In 2007 the Korean Research-based Pharmaceutical Industry Association (KRPIA) developed a Fair Competition Code on Pharmaceutical Trade, and in 2010 the Korean Pharmaceutical Manufacturers Association (KPMA) revised its Code of Fair Competition. Prior to 2007, the KRPIA and KPMA made voluntary agreements on pharmaceutical trade. This article examines the three codes in terms of the limits they set on various forms of gift-giving, donations, the funding of academic conferences inside and outside of Korea, the provision of drugs for clinical studies, market surveys, and post-market surveillance studies. The results of this examination show that the KPMA 2010 Code reflects a moral bias against donations to healthcare organizations and grants an exclusive power to the KPMA regarding sponsorships to participate in academic conferences.
  • 5.

    Residents’s perspectives on ethical conflicts and professional boundaries: a vignette-based survey

    LEE, Young-Mee | LEEYOUNGHEE | 이미정 and 4other persons | 2010, 13(2) | pp.153~174 | number of Cited : 2
    Abstract PDF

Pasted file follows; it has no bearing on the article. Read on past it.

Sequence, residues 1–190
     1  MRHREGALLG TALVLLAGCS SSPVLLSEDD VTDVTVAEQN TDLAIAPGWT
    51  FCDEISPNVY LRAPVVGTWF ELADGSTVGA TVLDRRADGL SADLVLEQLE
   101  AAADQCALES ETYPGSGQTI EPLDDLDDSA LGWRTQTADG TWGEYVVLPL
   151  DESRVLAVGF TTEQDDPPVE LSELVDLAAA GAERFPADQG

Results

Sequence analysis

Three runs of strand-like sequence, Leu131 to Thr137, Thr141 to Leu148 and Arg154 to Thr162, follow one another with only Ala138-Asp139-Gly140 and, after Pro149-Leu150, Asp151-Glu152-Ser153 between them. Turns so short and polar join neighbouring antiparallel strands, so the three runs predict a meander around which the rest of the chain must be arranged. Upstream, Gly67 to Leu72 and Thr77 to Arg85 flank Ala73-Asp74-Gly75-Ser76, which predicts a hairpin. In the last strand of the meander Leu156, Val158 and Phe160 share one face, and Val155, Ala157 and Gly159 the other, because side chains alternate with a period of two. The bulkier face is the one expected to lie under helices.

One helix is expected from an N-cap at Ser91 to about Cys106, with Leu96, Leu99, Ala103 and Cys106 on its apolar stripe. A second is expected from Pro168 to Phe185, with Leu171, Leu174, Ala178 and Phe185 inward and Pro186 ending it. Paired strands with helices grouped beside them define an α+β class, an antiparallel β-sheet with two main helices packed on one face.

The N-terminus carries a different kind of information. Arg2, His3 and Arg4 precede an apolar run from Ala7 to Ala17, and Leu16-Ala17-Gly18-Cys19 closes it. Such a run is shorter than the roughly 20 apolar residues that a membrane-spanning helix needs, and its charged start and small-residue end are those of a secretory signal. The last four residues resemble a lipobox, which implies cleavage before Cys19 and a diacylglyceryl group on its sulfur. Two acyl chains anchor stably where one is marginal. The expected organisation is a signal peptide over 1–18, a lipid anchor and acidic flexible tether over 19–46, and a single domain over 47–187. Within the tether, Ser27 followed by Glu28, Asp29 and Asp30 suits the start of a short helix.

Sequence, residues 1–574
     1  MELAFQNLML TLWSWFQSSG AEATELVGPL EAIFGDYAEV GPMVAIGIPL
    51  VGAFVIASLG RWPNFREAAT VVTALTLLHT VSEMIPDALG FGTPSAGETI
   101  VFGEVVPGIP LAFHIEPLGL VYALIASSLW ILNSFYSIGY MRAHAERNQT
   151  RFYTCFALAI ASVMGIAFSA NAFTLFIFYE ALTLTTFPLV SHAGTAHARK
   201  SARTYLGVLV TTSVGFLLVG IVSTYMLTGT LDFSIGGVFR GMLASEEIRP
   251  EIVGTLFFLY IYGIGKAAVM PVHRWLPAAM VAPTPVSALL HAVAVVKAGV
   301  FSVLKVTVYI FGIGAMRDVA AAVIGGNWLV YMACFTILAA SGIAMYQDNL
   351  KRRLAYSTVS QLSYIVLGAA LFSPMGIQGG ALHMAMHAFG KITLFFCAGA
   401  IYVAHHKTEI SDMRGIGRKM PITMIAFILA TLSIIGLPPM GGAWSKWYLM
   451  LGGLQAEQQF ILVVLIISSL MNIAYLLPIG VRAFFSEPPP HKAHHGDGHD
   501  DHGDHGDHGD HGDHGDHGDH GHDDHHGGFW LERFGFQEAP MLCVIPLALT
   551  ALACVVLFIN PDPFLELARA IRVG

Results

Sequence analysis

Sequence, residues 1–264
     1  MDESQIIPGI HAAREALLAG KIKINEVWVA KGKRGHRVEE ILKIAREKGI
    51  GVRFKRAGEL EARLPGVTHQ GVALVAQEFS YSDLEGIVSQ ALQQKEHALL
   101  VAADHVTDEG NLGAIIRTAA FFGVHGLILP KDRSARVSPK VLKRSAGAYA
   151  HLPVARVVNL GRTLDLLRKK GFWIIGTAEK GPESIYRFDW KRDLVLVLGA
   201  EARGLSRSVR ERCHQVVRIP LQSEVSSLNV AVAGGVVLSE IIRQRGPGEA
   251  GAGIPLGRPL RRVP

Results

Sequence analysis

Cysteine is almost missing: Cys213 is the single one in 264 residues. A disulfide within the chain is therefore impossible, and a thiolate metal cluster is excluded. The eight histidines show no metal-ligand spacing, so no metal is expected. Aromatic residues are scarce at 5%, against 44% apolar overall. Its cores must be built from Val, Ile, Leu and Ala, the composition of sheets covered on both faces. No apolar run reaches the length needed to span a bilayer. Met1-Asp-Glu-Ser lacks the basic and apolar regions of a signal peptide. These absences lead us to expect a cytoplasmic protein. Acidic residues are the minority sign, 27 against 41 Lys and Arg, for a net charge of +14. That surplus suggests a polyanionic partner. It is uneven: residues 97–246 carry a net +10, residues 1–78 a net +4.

Background The importance and recognition of medical ethics and professionalism has been growing. However, in Korea it is widely thought that there is still an insufficient amount of medical ethics education during resident training. The purpose of this study was to identify residents’ ethical sensitivity and coping strategies on ethical conflicts that can occur in clinical practice and research settings. Method The survey was conducted in 16 university-based or affiliated hospitals; a total of 1,187 residents participated in the survey. A questionnaire was developed consisting of 18 questions including 7 question areas concerning residents’ perspectives on ethical conflicts and professional boundaries in clinical practice or research. The seven question areas were as follows: coping and reporting mistakes (2 items), responding to impaired colleagues (2 items), relationship with colleagues, senior residents, and faculty (4 items), balancing personal and professional life (2 items), family (relatives) and friends’ requests (2 items), relationships with patients and their family members (3 items), clinical research ethics (3 items). For each item, a vignette was developed on the basis of situations derived from the authors’ educational and clinical experiences. To facilitate the participants’ response, 4 or 5 answer options, as well a space to for open responses, were provided for each question. Results A total of 1,072 samples (male 65.9%, female 34.1%) were analyzed. The majority of the respondents answered that if a medical mistake happens, they will report it to a faculty member and follow their instructions. Regarding impaired colleagues who may threaten patient safety, more than 70% of respondents answered that they will resolve the problem among residents themselves rather than notify a faculty member or resolve it officially. More than half of the respondents also said that if they observe non-professional or unethical conduct by either faculty members or residents, they will solve the problem by consulting with colleagues. However, more than 60% of the residents responded that they would put priority on patient care when facing conflicts between medical services and personal life. In questions about research ethics, the majority of respondents answered that they would maintain truth in managing data and research results. Conclusion The results of this study suggest that medical ethics and professionalism curricula during residency should be strengthened to develop residents’ ethical sensitivity and coping strategies concerning ethical conflicts in either clinical practice or research.